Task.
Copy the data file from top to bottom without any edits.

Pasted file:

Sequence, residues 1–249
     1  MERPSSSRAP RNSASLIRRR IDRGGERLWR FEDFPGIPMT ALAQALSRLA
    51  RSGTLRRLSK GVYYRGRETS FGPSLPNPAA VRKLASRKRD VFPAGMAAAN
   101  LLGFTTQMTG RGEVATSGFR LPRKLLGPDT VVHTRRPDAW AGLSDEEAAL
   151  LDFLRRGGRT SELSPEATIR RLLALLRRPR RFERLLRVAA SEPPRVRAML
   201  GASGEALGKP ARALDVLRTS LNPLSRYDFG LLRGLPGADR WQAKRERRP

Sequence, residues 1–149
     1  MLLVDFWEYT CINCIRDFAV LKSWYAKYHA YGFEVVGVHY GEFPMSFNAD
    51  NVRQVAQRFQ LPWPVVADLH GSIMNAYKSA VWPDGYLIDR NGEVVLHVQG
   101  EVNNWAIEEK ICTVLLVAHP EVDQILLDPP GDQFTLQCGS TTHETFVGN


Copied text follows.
Sequence, residues 1–249
     1  MERPSSSRAP RNSASLIRRR IDRGGERLWR FEDFPGIPMT ALAQALSRLA
    51  RSGTLRRLSK GVYYRGRETS FGPSLPNPAA VRKLASRKRD VFPAGMAAAN
   101  LLGFTTQMTG RGEVATSGFR LPRKLLGPDT VVHTRRPDAW AGLSDEEAAL
   151  LDFLRRGGRT SELSPEATIR RLLALLRRPR RFERLLRVAA SEPPRVRAML
   201  GASGEALGKP ARALDVLRTS LNPLSRYDFG LLRGLPGADR WQAKRERRP

Sequence, residues 1–149
     1  MLLVDFWEYT CINCIRDFAV LKSWYAKYHA YGFEVVGVHY GEFPMSFNAD
    51  NVRQVAQRFQ LPWPVVADLH GSIMNAYKSA VWPDGYLIDR NGEVVLHVQG
   101  EVNNWAIEEK ICTVLLVAHP EVDQILLDPP GDQFTLQCGS TTHETFVGN